Thus, it might be beneficial to plan ahead and come up with a strategy to manage the consequences of your RSU taxation. Talking to a tax professional as soon as your RSU shares vest might be a good strategy to help anticipate any future complications and set yourself up for success come tax season.
How to Handle RSUs
Once your company stock shares vest, you are faced with an important decision: sell or hold your shares. There are advantages to both options, depending on your individual financial profile.
Selling your vested RSU shares might help you avoid the common pitfalls of stock concentration.
A concentrated stock position occurs when you invest a substantial portion of your assets in one specific investment or sector, instead of spreading out your investments and diversifying your portfolio.
Even if you are confident in the growth of your company, the stock market can be very unpredictable and if you hold a large chunk of your assets in one place, there is always a risk that you could lose a lot in the event of a sudden downturn.
There is a double sense of risk when concentration occurs with RSU stock, since both your regular income and your stock are dependent on the success of the same company.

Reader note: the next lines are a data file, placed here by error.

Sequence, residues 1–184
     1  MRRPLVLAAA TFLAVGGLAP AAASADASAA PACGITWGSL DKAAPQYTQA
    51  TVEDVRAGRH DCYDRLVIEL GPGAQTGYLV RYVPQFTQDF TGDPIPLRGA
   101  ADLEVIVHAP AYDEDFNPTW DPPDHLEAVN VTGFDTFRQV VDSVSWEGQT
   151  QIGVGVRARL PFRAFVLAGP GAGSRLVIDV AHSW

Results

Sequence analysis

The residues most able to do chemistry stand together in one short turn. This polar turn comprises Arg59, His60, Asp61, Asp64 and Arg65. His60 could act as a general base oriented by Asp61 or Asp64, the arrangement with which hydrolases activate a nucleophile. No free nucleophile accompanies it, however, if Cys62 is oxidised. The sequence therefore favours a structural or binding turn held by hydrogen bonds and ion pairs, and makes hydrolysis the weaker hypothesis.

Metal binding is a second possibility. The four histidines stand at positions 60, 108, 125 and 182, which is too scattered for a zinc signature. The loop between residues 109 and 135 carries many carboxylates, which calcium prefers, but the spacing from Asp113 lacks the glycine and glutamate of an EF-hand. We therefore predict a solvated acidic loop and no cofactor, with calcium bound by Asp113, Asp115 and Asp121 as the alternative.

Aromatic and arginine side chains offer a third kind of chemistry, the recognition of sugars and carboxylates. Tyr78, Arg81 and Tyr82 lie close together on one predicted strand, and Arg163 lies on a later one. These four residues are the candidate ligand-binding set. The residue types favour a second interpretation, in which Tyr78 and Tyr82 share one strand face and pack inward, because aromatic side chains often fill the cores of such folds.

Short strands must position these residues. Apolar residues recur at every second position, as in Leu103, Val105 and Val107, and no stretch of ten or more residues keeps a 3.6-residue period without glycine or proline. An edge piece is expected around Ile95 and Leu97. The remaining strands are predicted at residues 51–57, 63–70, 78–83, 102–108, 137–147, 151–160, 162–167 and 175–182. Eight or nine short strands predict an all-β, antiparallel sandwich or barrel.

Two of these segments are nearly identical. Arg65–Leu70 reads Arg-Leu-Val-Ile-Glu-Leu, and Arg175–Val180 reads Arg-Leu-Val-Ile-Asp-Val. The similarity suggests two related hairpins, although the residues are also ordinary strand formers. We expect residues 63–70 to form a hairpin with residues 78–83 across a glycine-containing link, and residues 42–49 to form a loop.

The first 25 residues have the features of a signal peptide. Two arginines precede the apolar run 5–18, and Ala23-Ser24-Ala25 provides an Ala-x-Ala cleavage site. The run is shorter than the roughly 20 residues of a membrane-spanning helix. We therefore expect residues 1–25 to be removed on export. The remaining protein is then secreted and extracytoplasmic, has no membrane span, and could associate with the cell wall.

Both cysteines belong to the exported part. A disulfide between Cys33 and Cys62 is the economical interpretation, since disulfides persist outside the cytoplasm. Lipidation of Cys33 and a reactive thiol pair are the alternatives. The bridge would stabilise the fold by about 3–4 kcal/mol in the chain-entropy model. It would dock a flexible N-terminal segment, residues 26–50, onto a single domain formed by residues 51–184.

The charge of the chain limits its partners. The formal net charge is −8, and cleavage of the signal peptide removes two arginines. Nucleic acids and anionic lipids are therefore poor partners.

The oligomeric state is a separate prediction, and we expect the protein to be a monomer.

If, for some reason, you lose your job and your company’s stock starts to depreciate at the same time, you could find yourself in a tight spot.
Thus, selling your vested RSU shares and using the cash to invest elsewhere in a more diversified fashion will help minimize your overall risk.
Another option is to sell your vested RSU shares and keep the cash proceeds.. This might be a good choice if you have a financial goal that requires a large sum of money right away, like a car or house down payment, or maybe you’d like to pay off a big chunk of debt.
Holding onto your vested RSU shares might be a good strategy if you believe that your company’s stock value will increase, especially in the short term.
By holding out for a better price in the future, you might, potentially, receive higher proceeds than if you sold your shares immediately at the time of vesting.
When it comes to investing, there is no one-size-fits-all advice. It’s important to consider your unique financial needs when deciding what to do with your RSU stock.
Your specific financial goals, the amount of debt you may hold, the other types of investments you might be making, are all factors to consider when weighing the pros and cons of selling or holding your RSU shares.
If you’re still unsure about what to do with your vested RSUs, you might consider seeking out specialized advice by speaking with a SoFi Financial Planner.
When you work with SoFi Invest you have access to complimentary financial planning. The SoFi team can help you make the most of your restricted stock units.